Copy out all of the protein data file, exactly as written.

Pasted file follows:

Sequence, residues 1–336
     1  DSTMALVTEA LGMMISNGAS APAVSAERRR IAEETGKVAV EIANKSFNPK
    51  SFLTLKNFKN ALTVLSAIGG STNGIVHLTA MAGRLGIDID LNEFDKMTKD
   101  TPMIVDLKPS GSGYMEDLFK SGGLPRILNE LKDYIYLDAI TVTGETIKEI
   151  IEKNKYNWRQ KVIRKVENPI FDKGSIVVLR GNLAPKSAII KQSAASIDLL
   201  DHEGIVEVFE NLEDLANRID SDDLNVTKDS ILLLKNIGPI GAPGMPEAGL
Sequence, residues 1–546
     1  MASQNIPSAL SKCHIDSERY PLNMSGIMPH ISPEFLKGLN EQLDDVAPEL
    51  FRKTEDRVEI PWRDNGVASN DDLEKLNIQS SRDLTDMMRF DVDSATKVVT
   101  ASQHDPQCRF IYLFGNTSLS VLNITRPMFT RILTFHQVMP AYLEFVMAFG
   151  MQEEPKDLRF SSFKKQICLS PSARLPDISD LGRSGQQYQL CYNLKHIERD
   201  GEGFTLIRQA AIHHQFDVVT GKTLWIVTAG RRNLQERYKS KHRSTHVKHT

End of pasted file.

Sequence, residues 1–336
     1  DSTMALVTEA LGMMISNGAS APAVSAERRR IAEETGKVAV EIANKSFNPK
    51  SFLTLKNFKN ALTVLSAIGG STNGIVHLTA MAGRLGIDID LNEFDKMTKD
   101  TPMIVDLKPS GSGYMEDLFK SGGLPRILNE LKDYIYLDAI TVTGETIKEI
   151  IEKNKYNWRQ KVIRKVENPI FDKGSIVVLR GNLAPKSAII KQSAASIDLL
   201  DHEGIVEVFE NLEDLANRID SDDLNVTKDS ILLLKNIGPI GAPGMPEAGL
Sequence, residues 1–546
     1  MASQNIPSAL SKCHIDSERY PLNMSGIMPH ISPEFLKGLN EQLDDVAPEL
    51  FRKTEDRVEI PWRDNGVASN DDLEKLNIQS SRDLTDMMRF DVDSATKVVT
   101  ASQHDPQCRF IYLFGNTSLS VLNITRPMFT RILTFHQVMP AYLEFVMAFG
   151  MQEEPKDLRF SSFKKQICLS PSARLPDISD LGRSGQQYQL CYNLKHIERD
   201  GEGFTLIRQA AIHHQFDVVT GKTLWIVTAG RRNLQERYKS KHRSTHVKHT